Questioning even one purchase this way could feel overwhelming due to the complexity of today's economy -- and I think that in itself is a valuable insight.  Some are simpler, for example if I buy a banana, I'm giving more profit to the fruit companies that conquered Central America and killed/enslaved/displaced the people there, and continue to occupy the land and destroy rainforest.  Some purchases might seem more benign at first, but on investigation we can see they are entangled with all kinds of destruction and suffering around the world.  The purpose of questioning is not to feel guilty about what we've done, or to figure out a way to justify our actions, but to help us practice kindness toward what we love.

In Portland, in the Food Not Bombs community I wrote of earlier, I found people questioning almost everything in this way, and avoiding harmful things as each had the ability or courage to do so.

Here are some examples of harmful things people were avoiding, which we can all try avoiding to varying extents:
- paying for cars to be driven
- paying for airplane flights
- buying animal products
- buying non-local, non-organic, or packaged food -- this is a big topic I'll say more on someday
- buying food from corporations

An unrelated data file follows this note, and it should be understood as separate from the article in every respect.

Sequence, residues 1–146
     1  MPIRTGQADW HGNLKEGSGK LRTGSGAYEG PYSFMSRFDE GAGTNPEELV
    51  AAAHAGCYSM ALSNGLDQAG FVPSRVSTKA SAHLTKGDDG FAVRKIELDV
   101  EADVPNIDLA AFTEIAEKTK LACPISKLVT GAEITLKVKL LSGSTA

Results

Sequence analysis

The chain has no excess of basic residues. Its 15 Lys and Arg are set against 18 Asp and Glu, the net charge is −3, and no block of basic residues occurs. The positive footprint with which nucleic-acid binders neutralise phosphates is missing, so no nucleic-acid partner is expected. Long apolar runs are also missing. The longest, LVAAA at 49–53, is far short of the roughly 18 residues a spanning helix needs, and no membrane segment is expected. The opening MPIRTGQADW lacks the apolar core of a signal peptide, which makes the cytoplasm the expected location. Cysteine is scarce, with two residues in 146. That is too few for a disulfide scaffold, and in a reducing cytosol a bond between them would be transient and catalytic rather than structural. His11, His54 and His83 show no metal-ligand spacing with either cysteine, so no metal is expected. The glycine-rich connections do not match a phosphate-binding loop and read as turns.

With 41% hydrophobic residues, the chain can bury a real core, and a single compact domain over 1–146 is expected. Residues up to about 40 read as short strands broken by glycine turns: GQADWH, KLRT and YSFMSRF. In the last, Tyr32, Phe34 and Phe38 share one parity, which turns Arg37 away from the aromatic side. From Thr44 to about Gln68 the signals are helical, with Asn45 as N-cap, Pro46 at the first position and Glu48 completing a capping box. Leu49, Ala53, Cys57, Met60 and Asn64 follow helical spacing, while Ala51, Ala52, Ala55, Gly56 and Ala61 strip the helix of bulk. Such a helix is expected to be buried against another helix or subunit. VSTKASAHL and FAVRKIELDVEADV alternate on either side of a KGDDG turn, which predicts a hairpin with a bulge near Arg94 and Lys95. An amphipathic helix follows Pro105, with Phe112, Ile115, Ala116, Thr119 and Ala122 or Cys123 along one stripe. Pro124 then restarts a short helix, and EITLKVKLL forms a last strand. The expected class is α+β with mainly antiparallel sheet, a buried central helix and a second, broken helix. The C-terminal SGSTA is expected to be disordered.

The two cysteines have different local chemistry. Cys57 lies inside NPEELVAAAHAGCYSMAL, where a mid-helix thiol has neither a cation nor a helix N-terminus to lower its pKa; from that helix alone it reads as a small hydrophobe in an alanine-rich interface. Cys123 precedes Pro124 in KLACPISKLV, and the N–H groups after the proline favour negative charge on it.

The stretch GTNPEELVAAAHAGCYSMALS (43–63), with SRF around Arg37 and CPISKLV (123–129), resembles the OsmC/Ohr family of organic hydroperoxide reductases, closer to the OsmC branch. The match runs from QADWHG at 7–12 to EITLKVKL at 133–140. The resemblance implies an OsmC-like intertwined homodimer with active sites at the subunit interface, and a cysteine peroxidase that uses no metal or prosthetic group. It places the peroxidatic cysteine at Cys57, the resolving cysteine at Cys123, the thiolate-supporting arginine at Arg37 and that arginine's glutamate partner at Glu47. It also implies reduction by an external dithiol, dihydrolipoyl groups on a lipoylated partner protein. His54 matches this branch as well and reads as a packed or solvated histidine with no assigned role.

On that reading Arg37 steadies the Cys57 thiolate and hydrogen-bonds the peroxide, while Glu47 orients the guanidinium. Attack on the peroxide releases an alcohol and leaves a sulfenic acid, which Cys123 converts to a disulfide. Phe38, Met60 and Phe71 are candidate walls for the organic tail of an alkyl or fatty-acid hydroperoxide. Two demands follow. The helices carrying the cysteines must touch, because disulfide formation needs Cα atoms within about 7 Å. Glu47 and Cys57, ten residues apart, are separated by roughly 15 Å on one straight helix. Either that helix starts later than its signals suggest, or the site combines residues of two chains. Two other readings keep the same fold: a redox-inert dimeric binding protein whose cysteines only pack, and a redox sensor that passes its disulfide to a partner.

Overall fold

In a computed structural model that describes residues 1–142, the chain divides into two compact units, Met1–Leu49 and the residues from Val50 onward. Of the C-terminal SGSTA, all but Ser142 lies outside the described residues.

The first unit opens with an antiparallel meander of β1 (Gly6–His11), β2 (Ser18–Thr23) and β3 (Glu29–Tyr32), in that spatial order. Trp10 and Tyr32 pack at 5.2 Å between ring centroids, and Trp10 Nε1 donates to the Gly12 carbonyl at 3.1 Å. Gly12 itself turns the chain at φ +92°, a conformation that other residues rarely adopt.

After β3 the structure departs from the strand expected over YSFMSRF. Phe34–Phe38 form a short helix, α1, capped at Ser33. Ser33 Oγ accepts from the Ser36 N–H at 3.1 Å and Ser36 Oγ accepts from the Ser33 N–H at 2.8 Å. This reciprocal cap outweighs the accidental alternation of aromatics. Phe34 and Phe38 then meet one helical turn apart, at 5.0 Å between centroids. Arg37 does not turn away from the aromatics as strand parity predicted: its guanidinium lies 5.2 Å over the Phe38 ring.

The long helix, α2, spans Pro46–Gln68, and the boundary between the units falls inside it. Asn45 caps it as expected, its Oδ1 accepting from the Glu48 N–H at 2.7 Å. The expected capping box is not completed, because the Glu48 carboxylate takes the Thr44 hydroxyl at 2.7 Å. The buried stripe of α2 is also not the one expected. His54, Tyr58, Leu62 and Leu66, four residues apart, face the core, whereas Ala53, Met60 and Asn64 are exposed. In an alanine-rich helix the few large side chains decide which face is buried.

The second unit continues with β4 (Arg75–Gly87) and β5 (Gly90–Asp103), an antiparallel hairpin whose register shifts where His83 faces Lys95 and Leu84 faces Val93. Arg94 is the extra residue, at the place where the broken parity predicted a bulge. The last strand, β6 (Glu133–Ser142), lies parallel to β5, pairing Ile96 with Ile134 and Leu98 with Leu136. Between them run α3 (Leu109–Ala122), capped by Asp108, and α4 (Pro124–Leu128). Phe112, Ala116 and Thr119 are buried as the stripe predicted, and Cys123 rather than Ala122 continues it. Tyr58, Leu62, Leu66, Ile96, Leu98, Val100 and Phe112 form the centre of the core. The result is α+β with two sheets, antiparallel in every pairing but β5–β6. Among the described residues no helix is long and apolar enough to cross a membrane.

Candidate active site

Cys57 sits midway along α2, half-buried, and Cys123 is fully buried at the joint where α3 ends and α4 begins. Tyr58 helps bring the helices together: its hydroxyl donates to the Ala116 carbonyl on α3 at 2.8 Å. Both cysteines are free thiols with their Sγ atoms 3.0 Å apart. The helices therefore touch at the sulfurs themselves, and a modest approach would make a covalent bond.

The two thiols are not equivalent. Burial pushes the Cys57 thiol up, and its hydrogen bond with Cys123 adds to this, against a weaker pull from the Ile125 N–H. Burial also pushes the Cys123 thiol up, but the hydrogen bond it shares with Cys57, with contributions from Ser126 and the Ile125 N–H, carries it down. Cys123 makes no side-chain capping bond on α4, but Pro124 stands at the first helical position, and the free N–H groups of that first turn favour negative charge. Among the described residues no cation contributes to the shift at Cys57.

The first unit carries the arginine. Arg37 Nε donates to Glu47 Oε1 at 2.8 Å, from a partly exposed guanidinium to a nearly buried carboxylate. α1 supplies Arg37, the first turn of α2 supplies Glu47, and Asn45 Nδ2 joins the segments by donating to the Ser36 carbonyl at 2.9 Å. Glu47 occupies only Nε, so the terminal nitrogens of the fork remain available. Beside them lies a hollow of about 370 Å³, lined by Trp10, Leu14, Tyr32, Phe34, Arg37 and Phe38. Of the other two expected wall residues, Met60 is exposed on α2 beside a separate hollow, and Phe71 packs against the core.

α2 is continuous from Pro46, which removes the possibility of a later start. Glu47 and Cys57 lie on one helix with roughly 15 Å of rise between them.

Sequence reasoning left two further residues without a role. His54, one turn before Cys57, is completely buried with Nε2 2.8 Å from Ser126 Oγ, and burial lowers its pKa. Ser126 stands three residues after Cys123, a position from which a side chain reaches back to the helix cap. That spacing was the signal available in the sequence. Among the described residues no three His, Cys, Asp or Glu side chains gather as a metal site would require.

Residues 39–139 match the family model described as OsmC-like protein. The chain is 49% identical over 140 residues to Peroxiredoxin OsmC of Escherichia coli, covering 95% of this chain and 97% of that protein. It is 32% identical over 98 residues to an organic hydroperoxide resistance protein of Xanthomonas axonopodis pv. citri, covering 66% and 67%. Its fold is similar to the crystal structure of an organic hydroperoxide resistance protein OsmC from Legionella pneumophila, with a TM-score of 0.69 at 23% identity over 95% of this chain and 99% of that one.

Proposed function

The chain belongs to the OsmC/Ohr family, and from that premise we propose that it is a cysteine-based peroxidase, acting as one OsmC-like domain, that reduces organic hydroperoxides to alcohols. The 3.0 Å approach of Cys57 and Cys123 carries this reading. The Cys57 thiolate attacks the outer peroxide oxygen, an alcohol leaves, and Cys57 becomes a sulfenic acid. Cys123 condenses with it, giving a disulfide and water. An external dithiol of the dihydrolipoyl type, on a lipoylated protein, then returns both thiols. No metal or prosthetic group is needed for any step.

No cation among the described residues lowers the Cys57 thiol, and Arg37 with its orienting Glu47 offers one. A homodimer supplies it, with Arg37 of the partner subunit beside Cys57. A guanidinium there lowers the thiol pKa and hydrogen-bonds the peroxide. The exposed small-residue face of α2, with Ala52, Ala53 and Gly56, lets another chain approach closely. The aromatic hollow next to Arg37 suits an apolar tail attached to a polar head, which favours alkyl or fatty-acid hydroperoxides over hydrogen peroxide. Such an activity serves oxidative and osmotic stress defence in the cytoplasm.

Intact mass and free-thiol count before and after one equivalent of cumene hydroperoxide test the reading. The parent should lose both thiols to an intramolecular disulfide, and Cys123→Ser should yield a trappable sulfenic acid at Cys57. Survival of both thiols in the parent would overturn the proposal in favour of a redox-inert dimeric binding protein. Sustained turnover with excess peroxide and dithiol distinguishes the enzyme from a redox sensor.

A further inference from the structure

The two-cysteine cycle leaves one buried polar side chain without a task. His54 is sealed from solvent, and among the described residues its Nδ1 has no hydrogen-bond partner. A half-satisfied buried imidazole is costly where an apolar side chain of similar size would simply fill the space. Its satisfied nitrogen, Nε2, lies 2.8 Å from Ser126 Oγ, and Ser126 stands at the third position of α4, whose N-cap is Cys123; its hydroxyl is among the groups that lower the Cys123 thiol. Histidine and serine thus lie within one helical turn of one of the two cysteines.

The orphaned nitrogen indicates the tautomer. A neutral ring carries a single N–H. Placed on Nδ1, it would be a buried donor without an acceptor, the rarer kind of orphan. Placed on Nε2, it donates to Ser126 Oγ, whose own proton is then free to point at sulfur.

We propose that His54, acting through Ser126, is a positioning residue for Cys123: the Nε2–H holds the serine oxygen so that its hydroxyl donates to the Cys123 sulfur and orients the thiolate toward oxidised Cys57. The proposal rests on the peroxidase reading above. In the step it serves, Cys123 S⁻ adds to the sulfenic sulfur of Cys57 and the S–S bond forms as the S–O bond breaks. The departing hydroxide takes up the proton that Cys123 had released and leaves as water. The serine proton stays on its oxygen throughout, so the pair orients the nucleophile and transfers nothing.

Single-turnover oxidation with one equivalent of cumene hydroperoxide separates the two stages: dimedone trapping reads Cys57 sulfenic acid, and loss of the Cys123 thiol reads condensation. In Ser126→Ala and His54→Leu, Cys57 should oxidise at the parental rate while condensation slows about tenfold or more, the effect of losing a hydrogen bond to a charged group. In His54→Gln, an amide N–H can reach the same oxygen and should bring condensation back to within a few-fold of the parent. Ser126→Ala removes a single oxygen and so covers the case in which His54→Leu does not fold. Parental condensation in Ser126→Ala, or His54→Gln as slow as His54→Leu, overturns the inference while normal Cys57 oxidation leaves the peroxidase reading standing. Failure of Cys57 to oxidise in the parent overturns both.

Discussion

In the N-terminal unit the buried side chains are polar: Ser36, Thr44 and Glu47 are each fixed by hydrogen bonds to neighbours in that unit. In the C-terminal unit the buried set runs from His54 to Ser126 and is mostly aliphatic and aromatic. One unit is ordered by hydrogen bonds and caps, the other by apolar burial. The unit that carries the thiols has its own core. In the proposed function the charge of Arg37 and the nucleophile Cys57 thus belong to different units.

- buying anything produced with slave labor
- buying anything produced with any destructive means
- paying taxes
- investing money in harmful business or organizations

I am not completely avoiding all of these things, but I do feel the cognitive dissonance each time I give money toward one of them.

I still possess things that had a high cost in destruction, and will again if I someday replace them.  Most obviously my electronics: smartphone, laptop, and camera.  Even just possessing them, there is a cost, because I could sell or give them away to someone else who would have bought them new, which would reduce the demand by one.  Another one I have yet to address in my own life is investments.  I have a lot of money invested in index funds, because that's what you do when you save money, and I know I am helping to fund large scale destruction... perhaps it won't be long before I figure out what to do with that money instead.

But can one person's actions make a difference?

Yes.  We know this intuitively, that when we do harm or show kindness to another being, it matters.  If anything matters, this does.

Consider the destruction of beautiful forests and rivers and wildlife and cultures and villages that has been paid for by the demand of the "developed" world, and take one individual's share of that, one billionth or whatever it might be.  Just in terms of acres of habitat destroyed or polluted, one individual's share is quite significant.  This is not just statistics -- somewhere, actual trees and animals and indigenous people were killed, and the water poisoned.  I don't want to pay for that.

There are lots of other logical arguments for how one person's actions make a difference, but logical arguments eventually become wearisome.  It is beauty that I love, and whether I can accurately quantify the effects or not, I want to live in a way that feels true and honest in the face of the beauty that I love.